Next year too, the Survey forecasts a growth closer to its lower bound, possibly lower than 7%.

The continuing deflationary trends arise from:

  • Lower investment ratio and low farm prices especially for non-cereals foods,
  • The cutting back on development spending by State governments owing to the burden of loan waivers,
  • And of course the twin balance sheet problem.
  • The above factors prompted the slashing of development spending by the states.

News from the Industrial front:

The latest June data on the index of industrial production (IIP) shows contraction of the index.

This contraction is not due to the introduction of Goods and Services Tax and the destocking of warehouses.

The contraction is in fact widespread.

Especially across manufacturing sectors, with 15 out of 23 industries showing negative growth.

The twin balance sheet problem adds to the worries.

Banks are helpless with a stretched balance sheet heavy with Non-Performing Assets.

Corporates, with excessive borrowing at high interest rates from the past, too are reeling under defaults.

Their excess capacity and not-so robust demand for their products is not helpful either.

Their situation is made worse with the flood of imports, which takeaway their domestic market share.

Because strong rupee makes imports cheaper.

Countervailing duty which is now tax deductible, makes imports that much more attractive in comparison with domestically produced goods.

Thus a strong rupee harms domestic economy.

Problems in the Industry: A Structural and A Cyclical one

Even if it is cyclical, it has long term structural dimensions.

The investment to GDP ratio has been abysmal for the last five years.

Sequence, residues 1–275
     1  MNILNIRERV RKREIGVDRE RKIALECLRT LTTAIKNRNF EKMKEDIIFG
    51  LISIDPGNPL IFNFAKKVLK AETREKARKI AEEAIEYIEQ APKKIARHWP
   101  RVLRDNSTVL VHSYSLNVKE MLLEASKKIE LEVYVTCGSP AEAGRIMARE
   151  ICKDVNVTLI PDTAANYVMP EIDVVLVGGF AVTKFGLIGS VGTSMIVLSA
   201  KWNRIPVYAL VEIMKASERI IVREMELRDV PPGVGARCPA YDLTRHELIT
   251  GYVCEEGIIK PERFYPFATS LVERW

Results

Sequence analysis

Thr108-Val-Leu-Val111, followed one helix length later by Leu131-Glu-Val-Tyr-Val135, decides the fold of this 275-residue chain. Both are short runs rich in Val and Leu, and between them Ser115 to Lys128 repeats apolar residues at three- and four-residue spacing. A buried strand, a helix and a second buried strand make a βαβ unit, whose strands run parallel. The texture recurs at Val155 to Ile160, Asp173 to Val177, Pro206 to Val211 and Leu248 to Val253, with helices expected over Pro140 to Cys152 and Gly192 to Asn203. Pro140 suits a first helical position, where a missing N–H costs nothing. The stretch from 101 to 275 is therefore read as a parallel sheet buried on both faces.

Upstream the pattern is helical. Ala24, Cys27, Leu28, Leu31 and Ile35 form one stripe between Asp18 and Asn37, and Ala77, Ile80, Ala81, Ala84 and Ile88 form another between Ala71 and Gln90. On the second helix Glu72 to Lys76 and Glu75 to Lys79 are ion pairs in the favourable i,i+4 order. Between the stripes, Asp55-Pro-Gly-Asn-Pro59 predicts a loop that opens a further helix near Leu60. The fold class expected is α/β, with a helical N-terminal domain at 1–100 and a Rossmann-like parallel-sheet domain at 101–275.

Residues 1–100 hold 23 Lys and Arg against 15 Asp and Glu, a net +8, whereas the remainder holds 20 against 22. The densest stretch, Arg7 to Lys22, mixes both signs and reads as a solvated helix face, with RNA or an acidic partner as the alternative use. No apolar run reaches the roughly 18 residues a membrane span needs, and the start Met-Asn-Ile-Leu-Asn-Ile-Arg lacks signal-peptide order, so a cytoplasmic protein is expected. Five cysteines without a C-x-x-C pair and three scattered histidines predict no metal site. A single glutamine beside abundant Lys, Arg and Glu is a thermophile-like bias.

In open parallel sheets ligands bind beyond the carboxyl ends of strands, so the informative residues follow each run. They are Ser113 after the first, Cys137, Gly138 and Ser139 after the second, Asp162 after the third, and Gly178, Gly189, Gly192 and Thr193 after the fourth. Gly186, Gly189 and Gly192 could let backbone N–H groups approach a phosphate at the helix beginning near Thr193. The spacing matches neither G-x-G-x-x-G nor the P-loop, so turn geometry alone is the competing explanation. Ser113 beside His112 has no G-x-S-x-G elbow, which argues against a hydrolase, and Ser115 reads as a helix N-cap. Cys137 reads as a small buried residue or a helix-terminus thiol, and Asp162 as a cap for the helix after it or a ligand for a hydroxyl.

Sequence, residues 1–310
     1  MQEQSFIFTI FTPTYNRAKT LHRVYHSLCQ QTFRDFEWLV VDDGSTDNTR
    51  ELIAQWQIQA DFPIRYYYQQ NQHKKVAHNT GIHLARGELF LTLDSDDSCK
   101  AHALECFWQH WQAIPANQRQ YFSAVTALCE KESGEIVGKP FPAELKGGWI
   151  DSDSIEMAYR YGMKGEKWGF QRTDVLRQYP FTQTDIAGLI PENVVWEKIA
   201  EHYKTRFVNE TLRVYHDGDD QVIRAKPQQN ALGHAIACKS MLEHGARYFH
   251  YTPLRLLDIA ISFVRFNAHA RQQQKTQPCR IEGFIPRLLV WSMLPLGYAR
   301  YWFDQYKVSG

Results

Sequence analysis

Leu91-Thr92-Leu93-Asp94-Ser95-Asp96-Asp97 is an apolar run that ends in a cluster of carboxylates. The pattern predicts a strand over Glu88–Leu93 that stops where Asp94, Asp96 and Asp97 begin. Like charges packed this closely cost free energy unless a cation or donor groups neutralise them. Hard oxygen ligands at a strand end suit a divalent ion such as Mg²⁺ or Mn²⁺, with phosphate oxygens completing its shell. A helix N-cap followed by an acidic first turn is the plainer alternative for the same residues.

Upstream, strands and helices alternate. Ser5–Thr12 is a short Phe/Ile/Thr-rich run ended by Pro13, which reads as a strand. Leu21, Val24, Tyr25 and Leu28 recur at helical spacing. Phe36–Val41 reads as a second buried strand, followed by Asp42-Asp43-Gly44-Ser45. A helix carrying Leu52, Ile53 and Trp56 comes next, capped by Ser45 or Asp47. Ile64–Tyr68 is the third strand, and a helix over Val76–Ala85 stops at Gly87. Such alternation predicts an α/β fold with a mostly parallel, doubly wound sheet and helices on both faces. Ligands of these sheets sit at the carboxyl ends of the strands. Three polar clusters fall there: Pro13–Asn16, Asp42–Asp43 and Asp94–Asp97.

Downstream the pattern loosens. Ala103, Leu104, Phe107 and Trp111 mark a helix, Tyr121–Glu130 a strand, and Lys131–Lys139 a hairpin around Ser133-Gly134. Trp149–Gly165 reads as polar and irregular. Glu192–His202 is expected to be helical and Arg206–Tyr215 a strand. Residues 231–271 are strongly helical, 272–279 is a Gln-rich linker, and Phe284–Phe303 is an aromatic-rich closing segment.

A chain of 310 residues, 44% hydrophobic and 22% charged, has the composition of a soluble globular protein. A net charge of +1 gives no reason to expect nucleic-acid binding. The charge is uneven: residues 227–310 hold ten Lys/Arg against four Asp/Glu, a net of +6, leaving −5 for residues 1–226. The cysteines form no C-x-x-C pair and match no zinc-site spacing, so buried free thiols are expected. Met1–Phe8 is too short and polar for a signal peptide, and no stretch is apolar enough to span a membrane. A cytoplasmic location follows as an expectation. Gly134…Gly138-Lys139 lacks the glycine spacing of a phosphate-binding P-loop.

The private sector component growth too is low.

The Bank Credit growth to industry has been consistently negative.

Even though Sensex is touching new heights, the sentiment is not reflected in the physical investments.

The state of the Financial Sector:

The survey implicitly blames the high interest policy of the Reserve Bank of India.

Despite the Monetary Policy framework focusing on Inflation, maintaining a hawkish stance is considered as conservative.

But the hands of RBI is tied by the Inflation expectation survey which shows people’s anxiety about future price rise.

Bringing down the interest rate will not automatically result in huge investments.

Many other factors too weigh in the minds of the investors namely the Non-Performing Assets.

The Scope for optimism:

Improving fiscal situation at the center and exports reaching positive territory.

Building blocks of long term growth are being put in place:

Goods And Services Tax

A new Insolvency and Bankruptcy Code to deal with NPAs

A new monetary policy framework

And the Aadhaar linkage to government services.

How does one revive this sentiment and get back on the growth path:

Opportunities from Digital India, Smart Cities Mission and Housing for All are huge, but a kicks tart is needed.

Eventhough, near term growth may not be upbeat, the medium term has strong signs of sustaining along an 8 percent growth path.